An African preacher spoke in my college chapel service exhorting us all to be “fit” Christians, not “fat” ones. The point was not to constantly ingest the word but never exercise it.

How you feel called to exercise the word is not the important thing. What is important is that you be active with what you possess. The lessons in your life, rich as they are, belong to others besides you.

Glorious Grace (and the Mad Defender)

CC BY-NC, DJOXFUTURA, Flickr

CC BY-NC, DJOXFUTURA, Flickr

I often browse the comments to online stories I’ve read. Others’ perspectives offer me a fuller picture of the topic and help me solidify what I feel about it. But I must confess that reading Comments sections is now against my better judgment.

People are mean and crude and vile. I mean, Whoa! I find myself reeling at folk who allow their deepest and worst reservations to boil out when it is entirely unnecessary (is it ever necessary?) and uncalled for.

But sadder is when I read Christian material, including on Facebook, and find comments of the same tone. No, they’re not lewd or evil, but biting and unloving.

What I discover about Christian people in these comment sections is the almost irresistible need to call people out—for a different thought or belief pattern; for doctrinal stance; for needed correction on a matter. And the arrogance! I’m convinced that Pharisees yet live.

I’m not sitting here donned in the cape and spandex shorts that I wear (ahem) when I’m online crusading against ungraciousness. But sometimes I really do feel like a caped crusader when I use my night vision goggles to pierce the darkness of smug remarks or my brass knuckles to beat the sense into—gosh, I apologize! I get a little carried away.

Jesus, Full of Grace and Truth

John describes Jesus this way: “and we saw His glory, glory as of the only begotten from the Father, full of grace and truth” (1:14, NASB). The splendor and renown of Jesus lay in his plenitude of grace and truth.

The people I encounter online always seem a little one-sided. They get the truth part; they know the Bible, its doctrines, the ins and outs of church, all necessary parts of the whole. But the missing element always seems to be graciousness—the kindness. It’s the problem of graceless Christians that Phil Yancey so lucidly describes in his What’s So Amazing About Grace?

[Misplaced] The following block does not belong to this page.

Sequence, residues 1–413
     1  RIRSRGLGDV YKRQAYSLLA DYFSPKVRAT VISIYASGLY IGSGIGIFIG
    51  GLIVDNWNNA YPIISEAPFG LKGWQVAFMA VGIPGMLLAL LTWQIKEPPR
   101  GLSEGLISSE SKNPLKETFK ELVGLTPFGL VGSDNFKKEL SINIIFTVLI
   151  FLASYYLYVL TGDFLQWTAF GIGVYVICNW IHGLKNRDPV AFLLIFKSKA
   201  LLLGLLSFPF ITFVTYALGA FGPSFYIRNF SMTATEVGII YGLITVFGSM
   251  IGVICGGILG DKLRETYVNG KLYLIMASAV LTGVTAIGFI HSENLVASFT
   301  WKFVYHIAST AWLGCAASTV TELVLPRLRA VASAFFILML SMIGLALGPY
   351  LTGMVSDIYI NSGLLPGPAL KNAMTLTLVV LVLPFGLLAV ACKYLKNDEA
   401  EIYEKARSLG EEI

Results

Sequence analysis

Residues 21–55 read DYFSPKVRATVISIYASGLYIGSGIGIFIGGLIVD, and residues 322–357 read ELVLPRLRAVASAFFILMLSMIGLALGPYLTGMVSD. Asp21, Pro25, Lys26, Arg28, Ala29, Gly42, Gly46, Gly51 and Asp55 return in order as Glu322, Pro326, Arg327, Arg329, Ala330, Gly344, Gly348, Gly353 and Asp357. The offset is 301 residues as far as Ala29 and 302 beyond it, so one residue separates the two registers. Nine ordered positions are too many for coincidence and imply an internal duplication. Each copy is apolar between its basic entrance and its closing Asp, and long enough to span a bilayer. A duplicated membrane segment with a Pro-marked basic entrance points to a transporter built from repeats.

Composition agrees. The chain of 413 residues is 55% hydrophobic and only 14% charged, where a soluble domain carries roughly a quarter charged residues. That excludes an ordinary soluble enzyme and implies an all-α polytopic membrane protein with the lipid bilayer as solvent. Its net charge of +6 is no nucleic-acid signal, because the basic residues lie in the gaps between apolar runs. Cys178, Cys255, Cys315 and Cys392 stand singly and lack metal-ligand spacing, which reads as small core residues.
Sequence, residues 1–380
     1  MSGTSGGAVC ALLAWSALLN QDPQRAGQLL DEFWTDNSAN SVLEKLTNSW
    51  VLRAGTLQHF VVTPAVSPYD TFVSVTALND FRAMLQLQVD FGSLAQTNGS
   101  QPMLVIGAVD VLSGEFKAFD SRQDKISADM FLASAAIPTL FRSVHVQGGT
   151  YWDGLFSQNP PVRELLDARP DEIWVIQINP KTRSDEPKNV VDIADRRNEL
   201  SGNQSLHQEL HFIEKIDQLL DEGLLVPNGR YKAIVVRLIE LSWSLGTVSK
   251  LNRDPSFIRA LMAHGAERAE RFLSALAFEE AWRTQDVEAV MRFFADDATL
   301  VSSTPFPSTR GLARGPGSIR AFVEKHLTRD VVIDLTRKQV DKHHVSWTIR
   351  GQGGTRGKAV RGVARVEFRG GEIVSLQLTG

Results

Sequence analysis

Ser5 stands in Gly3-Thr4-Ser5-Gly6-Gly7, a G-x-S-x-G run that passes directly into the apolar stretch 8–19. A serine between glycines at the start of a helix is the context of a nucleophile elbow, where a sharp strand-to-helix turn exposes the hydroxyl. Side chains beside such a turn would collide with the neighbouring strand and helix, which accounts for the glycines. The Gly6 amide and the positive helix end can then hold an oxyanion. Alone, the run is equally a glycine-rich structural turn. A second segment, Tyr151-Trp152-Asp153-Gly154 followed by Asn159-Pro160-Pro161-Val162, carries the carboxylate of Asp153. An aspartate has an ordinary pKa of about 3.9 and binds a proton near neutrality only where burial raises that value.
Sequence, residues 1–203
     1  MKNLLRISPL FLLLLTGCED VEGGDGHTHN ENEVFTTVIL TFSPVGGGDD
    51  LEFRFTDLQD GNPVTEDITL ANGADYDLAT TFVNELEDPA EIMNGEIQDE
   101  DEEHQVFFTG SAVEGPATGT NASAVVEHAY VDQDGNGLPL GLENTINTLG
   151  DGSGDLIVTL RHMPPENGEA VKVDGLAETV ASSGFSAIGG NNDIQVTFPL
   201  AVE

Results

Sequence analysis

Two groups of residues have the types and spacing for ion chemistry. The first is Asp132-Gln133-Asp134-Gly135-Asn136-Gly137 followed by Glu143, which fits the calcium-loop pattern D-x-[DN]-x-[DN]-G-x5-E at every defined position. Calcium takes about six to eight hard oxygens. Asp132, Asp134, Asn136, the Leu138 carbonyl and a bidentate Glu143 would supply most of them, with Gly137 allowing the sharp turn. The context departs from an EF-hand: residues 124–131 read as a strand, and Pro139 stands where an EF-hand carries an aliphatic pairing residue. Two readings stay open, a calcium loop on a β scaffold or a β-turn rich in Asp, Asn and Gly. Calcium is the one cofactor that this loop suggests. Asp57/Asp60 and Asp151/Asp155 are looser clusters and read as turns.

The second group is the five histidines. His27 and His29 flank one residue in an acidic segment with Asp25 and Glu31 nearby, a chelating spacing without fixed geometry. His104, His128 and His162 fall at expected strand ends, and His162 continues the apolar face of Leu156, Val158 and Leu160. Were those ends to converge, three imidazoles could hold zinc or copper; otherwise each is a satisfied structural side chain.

Why is this so hard for some of us?

When I daydream about life on the scene with Jesus, I sometimes envy the disciples who got to watch Jesus model how human life should be lived. I’m sure the time wasn’t as meaningful to them in the moment as when they had the chance to look back on the three years spent with him. Still, they experienced a pinnacle moment in human history that I wish I could have now with Jesus, knowing what I do about his requirements for me.

I say that because I truly strive to live for God. I am blessed to have a stronger knowledge of theology and spirituality than many people around me. That’s no banner I wave but, in my opinion, just part of my devotion. And that is my point; I hope you don’t miss it. If I should say that I have truth, by which I live and that serves the kingdom, its ultimate purpose is fulfilled only when it humbly seats me before the God I love so that he can transform me, fellowship with me, and be glorified in me.

We forget that we still have to love people, and it is part of our worship to God.

So many people act like God’s bodyguards…um, that ain’t necessary. I think he gets along fine. Oh, let me fend off some of you: I understand the need for apologetics; I don’t forget that our God of love is a God who loves justice; so forth and so on. I GET IT. (Putting my boomerang down.)

But what would help our credibility as Christians in today’s society is getting Jesus’s words out of our heads and into our hearts: “By this everyone will know that you are my disciples, if you love one another” (John 13:35). Christ-followers devouring one another is not an advertisement for Christianity; instead, it’s a warning to stay away.

Grace-Filled Religion

I’ll wrap this up by painting a picture of what graciousness looks like. You add your own illustration. Let’s begin this way: Being graceful is…

  • Living honestly toward God, oneself, and others.
  • Acting on the behalf of others without expecting anything in return.
  • Sincerely praying for people.
  • Guarding your tongue regarding others and matters.